A map that shows the Canadian Climate Regions
Long description

A map that shows the Canadian Climate Regions: Atlantic Canada, Great Lakes/St. Lawrence Lowlands, Northeastern Forest, Northwestern Forest, Prairies, South British Columbia Mountains, Pacific Coast, North British Columbia Mountains/Yukon, Mackenzie District, Arctic Tundra, Arctic Mountains and Fiords.

National precipitation

The national average precipitation for the winter of 2016/2017 was 3.2% below the baseline average (defined as the mean over the 1961-1990 reference period), based on preliminary data, making it the 25th driest winter since nationwide recording began in 1948. The wettest winter was 2010/2011 (27.2% above the baseline average) and the driest winter was 1956/1957 (20.2% below the baseline average). The precipitation percent departure map for the winter of 2016/2017 (below) shows that conditions were notably drier-than-average in most of British Columbia, Alberta, Saskatchewan, southern Manitoba and in a few areas in the north, particularly in southern Yukon, western and eastern Nunavut, northeastern Quebec, and Newfoundland and Labrador. The winter of 2016/2017 was wetter than average mainly in southern Ontario and central Nunavut.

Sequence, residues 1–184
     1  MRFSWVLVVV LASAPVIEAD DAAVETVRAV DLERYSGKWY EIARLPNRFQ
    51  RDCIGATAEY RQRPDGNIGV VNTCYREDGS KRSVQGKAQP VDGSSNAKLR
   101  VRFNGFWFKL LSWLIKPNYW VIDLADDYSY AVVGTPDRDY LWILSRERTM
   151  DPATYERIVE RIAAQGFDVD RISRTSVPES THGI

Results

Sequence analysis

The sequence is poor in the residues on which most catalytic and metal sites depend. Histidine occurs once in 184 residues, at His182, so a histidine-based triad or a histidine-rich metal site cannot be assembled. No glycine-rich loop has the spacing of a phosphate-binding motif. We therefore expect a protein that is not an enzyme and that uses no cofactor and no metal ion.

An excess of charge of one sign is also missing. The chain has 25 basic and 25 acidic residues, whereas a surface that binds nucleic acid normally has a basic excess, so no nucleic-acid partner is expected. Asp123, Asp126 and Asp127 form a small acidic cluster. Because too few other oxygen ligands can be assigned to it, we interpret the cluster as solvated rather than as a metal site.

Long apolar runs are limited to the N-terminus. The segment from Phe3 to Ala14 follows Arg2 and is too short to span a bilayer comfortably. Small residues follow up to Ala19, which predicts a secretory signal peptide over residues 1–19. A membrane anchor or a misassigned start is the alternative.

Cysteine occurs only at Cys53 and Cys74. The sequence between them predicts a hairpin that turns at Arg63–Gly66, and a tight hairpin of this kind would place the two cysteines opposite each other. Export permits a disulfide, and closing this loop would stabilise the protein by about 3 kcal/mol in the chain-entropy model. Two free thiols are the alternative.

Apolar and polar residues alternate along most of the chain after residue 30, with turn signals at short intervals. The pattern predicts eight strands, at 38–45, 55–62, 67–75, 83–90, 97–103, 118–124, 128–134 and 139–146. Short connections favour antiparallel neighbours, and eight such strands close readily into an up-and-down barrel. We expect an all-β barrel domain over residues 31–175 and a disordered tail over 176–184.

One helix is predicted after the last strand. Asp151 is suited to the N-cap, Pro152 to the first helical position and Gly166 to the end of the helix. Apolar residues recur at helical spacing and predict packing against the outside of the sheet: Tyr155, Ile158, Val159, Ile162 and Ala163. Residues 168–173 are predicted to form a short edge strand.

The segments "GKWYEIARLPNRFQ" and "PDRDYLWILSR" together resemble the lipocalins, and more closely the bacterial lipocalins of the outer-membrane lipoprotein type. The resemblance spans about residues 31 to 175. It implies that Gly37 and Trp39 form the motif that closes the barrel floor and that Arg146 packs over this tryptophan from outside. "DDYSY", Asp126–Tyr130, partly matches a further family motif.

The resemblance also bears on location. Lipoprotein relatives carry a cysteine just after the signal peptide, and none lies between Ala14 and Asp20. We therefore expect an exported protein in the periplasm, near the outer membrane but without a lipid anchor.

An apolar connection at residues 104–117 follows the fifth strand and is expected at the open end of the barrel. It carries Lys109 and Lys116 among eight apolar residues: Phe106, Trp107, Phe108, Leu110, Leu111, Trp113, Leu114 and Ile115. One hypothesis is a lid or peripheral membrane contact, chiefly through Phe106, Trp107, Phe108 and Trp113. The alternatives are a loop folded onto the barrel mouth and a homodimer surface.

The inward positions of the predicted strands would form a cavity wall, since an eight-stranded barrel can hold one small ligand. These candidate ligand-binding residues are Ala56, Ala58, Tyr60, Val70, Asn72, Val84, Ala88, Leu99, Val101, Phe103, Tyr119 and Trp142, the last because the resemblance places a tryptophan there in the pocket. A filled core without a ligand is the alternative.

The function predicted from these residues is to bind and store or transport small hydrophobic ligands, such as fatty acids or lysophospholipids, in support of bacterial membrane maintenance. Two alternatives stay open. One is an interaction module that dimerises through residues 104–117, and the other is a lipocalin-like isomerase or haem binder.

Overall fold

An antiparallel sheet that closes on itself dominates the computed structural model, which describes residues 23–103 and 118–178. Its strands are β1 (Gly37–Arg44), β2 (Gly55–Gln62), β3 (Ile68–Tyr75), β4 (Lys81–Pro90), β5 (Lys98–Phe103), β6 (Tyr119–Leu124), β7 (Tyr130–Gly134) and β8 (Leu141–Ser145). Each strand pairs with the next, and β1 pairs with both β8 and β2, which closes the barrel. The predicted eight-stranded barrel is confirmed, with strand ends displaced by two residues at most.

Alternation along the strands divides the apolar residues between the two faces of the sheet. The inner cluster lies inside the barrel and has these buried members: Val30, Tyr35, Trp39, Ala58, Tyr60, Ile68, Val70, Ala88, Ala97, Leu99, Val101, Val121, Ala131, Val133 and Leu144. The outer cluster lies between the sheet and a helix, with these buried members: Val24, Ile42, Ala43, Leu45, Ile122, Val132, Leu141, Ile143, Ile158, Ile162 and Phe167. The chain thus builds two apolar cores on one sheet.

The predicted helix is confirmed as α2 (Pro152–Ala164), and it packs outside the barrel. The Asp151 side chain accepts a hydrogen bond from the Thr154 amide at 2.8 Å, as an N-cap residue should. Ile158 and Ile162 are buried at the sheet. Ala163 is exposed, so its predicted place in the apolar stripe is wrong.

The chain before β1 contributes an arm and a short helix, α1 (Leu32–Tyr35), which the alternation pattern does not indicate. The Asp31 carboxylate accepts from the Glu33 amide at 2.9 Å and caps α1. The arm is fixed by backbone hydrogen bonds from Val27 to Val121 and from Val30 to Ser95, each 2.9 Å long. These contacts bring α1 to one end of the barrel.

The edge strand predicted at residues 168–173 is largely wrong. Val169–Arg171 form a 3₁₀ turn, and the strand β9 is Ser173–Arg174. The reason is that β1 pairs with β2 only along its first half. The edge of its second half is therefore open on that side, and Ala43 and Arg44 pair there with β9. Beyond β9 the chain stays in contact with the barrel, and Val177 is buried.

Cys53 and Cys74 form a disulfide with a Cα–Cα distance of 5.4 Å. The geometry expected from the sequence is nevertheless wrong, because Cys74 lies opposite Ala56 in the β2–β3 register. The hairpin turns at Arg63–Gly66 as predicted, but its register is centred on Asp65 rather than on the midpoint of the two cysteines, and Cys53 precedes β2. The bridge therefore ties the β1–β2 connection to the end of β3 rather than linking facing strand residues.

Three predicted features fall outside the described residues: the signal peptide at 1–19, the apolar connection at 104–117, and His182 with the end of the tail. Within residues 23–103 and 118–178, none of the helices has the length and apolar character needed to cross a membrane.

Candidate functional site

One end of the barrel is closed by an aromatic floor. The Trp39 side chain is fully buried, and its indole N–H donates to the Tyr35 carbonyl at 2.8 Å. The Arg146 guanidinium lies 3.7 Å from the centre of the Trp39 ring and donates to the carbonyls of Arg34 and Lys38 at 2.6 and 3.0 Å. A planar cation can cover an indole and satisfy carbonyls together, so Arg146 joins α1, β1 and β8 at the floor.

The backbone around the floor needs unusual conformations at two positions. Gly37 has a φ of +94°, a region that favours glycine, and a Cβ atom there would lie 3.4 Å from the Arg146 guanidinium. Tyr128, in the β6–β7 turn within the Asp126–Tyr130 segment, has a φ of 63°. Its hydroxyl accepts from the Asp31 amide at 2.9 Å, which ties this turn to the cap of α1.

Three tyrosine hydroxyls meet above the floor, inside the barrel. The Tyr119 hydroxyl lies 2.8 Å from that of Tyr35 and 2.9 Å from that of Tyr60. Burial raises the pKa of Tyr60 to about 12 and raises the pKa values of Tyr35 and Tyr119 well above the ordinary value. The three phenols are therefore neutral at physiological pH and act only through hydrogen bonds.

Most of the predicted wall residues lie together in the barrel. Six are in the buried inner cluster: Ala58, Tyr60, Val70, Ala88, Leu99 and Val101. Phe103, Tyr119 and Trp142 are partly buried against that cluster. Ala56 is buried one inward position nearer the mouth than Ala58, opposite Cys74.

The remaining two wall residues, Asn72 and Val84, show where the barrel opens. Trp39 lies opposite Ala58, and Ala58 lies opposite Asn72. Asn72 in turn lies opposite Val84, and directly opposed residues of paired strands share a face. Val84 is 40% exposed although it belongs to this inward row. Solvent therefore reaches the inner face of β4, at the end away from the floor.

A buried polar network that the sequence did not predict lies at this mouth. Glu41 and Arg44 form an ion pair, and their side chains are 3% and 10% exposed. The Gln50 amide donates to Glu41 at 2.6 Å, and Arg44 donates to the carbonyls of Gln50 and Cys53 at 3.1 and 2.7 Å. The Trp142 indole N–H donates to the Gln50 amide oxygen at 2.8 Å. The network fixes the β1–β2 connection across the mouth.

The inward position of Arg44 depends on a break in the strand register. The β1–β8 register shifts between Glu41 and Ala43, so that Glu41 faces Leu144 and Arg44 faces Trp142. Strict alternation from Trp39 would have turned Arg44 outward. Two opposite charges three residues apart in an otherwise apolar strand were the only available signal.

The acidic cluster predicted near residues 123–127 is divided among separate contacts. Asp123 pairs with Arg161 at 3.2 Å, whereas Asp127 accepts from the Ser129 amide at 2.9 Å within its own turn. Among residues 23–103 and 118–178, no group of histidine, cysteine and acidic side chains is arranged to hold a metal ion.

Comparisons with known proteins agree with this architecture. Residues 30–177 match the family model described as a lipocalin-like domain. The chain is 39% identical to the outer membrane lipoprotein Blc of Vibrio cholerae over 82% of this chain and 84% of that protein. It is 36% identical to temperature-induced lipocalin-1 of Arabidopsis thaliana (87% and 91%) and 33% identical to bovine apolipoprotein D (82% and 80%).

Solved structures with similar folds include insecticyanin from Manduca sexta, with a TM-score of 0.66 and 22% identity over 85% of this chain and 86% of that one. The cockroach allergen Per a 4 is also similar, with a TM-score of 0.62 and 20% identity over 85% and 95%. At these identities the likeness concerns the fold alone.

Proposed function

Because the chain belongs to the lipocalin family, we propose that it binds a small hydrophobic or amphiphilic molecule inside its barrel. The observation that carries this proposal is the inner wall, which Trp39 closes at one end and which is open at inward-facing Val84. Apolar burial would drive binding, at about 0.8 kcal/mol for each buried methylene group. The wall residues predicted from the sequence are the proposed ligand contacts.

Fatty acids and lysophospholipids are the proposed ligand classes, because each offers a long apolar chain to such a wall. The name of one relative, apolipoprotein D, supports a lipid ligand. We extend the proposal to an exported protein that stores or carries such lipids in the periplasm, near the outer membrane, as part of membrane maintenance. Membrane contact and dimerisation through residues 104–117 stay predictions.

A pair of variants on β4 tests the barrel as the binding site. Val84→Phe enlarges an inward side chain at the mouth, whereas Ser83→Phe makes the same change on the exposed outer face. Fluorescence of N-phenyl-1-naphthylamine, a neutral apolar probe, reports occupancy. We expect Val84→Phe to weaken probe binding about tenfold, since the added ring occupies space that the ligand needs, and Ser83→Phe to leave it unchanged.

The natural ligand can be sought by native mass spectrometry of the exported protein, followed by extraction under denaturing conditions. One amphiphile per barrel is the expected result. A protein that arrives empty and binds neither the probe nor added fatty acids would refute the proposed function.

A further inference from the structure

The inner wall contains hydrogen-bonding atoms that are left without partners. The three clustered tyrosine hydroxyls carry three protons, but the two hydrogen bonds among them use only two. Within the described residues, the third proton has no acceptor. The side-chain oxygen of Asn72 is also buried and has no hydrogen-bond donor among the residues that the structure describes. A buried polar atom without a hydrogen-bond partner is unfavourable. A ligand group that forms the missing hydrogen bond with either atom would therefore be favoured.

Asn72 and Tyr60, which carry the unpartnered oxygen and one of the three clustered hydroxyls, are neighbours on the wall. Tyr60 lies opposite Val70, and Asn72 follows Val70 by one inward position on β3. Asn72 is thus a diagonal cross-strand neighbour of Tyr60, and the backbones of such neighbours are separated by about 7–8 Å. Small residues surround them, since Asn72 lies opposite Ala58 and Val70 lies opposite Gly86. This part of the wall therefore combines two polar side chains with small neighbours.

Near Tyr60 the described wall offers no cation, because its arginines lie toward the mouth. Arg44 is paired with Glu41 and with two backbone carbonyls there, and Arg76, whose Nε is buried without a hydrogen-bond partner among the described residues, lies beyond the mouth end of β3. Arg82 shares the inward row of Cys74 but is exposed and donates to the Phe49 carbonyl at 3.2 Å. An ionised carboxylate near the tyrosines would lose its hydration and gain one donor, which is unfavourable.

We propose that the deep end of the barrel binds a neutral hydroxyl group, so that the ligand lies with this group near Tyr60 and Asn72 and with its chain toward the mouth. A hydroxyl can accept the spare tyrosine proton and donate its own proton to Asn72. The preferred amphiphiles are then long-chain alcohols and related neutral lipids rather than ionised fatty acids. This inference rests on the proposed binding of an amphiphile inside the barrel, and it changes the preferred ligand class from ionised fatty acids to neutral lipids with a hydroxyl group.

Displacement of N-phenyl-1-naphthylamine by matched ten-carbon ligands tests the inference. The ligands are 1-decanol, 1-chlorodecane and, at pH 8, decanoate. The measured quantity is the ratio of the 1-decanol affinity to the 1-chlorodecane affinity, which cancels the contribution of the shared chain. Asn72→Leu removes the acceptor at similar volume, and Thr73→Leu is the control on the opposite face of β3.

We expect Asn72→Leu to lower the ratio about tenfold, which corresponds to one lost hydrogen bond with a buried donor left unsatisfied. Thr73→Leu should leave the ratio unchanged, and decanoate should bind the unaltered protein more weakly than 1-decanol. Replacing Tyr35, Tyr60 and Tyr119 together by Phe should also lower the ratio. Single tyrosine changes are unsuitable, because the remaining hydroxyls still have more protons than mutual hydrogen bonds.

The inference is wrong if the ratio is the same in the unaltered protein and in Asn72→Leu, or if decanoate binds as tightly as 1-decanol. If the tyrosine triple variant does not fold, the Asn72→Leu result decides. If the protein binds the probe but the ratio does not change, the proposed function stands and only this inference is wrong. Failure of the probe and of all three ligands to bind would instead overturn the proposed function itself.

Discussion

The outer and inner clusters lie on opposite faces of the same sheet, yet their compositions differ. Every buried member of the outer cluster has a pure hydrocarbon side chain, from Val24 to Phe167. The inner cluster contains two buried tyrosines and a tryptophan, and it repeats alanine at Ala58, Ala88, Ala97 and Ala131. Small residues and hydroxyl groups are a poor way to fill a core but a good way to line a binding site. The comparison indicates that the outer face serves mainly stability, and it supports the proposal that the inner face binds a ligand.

Precipitation departures from the 1961-1990 average – winter 2016/2017

The precipitation percent departure map for the winter of 2016/2017
Long description

The precipitation percent departure map for the winter of 2016/2017 shows that conditions were notably drier-than-average in most of British Columbia, Alberta, Saskatchewan, southern Manitoba and in a few areas in the north, particularly in southern Yukon, western and eastern Nunavut, northeastern Quebec, and Newfoundland and Labrador. The winter of 2016/2017 was wetter than average mainly in southern Ontario and central Nunavut.